What is the Probability That Individual II I 1 is WW?
How does the probability that an individual will become WW compare to the likelihood of another individual becoming WW? Here are some examples. The probability of an individual being WW depends on a standard distribution. It is 1/64. That means that for every 61 individuals, a certain number of those individuals are likely to be WW. This probability is called the binomial distribution. The formula below will help you determine the binomial distribution.
Heterozygous individuals are more likely to inherit the allele from both parents if they are heterozygous. This would give him or her a 50% chance of inheriting the allele. A heterozygous person would still have a 50 percent chance to inherit both the dominant and recessive alleles. In the case of a ww individual, a parent with IV-3 and IV-4 is likely to pass the gene onto their offspring.
Considering that he or she inherited two disease-linked haplotypes from her father, the likelihood that she would inherit a phenotype linked to hearing loss is 61 percent. The markers she was tested for between D1S201 & D1S255 were not informative. Furthermore, if the two haplotypes were responsible for the disease, the individual should have presented with hearing loss symptoms. This could be due to a reduced penetrance or double recombination event.
We can determine the percentage of the population that is ‘wolf-haired by using the 1/64 probability that individual 1 is ww. If both parents are ‘wolf-haired’, the likelihood of offspring having woolly hair is 1/64. The exact genotype of individual II-5 is unknown.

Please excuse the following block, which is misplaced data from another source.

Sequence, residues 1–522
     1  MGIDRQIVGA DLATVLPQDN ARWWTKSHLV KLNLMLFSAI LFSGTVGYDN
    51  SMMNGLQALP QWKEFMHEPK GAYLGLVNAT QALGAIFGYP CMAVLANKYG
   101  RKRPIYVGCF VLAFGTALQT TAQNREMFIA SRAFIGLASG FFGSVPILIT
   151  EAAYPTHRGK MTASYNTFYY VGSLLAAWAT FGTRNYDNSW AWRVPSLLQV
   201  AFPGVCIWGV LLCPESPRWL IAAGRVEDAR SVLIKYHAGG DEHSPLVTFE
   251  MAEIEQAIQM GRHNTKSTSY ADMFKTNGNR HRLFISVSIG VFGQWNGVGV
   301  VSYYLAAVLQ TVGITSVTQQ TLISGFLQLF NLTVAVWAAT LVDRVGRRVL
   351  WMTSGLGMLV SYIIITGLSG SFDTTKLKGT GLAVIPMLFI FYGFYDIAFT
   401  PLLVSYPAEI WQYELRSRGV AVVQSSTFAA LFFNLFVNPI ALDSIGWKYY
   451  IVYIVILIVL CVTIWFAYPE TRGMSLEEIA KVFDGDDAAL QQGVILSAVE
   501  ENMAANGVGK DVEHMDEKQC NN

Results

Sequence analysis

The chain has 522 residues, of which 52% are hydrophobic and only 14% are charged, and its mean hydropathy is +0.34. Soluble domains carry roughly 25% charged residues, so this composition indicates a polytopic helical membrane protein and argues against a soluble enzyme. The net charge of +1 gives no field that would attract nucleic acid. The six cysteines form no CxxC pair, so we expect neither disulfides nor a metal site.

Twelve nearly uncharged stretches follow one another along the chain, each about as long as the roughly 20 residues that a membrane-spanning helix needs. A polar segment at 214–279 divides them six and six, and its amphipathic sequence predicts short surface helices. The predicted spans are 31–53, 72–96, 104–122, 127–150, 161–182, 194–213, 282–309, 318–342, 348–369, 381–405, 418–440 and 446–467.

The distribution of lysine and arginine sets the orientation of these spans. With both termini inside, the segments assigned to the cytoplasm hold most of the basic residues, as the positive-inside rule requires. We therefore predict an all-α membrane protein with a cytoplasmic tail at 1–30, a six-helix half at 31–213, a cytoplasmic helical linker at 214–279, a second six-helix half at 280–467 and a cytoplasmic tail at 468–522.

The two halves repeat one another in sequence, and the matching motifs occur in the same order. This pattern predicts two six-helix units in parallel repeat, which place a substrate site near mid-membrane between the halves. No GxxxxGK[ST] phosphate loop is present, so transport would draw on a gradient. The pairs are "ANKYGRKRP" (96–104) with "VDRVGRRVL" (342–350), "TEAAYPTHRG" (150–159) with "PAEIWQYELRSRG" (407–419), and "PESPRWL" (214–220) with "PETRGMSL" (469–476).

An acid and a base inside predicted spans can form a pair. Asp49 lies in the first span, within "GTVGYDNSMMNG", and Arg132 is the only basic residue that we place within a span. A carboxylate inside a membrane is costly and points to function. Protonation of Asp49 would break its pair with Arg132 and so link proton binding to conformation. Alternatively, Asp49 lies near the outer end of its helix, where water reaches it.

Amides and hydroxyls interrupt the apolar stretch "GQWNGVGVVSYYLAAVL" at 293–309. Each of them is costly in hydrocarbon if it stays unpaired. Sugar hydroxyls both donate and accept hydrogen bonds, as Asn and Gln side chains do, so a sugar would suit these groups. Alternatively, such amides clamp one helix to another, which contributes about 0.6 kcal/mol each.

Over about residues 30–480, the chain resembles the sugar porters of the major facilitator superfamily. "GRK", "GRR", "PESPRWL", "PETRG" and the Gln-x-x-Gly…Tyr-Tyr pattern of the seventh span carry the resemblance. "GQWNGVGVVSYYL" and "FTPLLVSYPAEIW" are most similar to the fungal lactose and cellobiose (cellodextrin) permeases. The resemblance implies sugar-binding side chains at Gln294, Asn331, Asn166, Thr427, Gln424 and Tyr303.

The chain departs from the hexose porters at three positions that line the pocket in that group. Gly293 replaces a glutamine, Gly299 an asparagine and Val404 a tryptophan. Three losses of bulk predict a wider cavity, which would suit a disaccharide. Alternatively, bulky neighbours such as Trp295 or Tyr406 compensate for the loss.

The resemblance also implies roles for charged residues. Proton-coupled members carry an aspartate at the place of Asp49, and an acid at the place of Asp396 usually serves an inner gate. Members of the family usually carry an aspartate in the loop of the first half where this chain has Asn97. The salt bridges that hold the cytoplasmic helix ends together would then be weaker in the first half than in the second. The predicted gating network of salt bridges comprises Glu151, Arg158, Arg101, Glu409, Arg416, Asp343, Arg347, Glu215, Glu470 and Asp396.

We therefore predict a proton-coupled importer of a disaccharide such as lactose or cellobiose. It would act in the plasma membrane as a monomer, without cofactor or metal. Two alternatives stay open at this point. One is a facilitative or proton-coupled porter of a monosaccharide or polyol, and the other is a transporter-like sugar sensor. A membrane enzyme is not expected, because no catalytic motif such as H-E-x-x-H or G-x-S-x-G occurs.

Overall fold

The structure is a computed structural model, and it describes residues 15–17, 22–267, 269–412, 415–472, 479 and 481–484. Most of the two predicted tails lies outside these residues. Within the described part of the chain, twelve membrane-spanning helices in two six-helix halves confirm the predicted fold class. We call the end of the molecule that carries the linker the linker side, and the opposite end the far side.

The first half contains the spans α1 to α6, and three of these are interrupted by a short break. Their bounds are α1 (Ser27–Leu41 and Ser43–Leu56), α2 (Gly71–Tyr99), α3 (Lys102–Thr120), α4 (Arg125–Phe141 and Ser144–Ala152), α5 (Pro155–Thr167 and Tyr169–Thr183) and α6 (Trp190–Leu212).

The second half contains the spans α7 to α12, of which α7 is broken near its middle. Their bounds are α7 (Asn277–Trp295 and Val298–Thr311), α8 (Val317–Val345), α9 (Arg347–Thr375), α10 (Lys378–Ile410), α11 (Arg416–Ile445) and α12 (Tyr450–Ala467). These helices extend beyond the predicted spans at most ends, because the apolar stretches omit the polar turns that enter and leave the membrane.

In tigers, the ‘Ww’ genotype results in a cross-eyed condition if the individual carries a recessive allele. If the parents are heterozygous, both parents must have an allele in order for the individual to be able to inherit a ‘WW-‘ genotype. Individual IV-1 can inherit a allele, either from a parent or from a carrier heterozygote. One in four parents are heterozygous.
(64 – 1 – 2)/64
Two individuals who are heterozygous have a 50% chance to inherit one or the other. Moreover, if one parent has a dominant allele, all offspring of that individual will have it as well. This is a crucial fact in genetics. This rule helps us determine which genetic traits are hereditary. For example, a person may have a thick hair or a thin one, depending on his or her mother’s genotype.
Phenotypes are unique, X-linked, and expressed in one or both parents. In this example, the F1 will be pink, while the F2 will be personate and the third will grow tall. The probability that an individual iii1 is tall is 18/64. Similarly, the F2 plant will have a bw+bw genotypic ratio.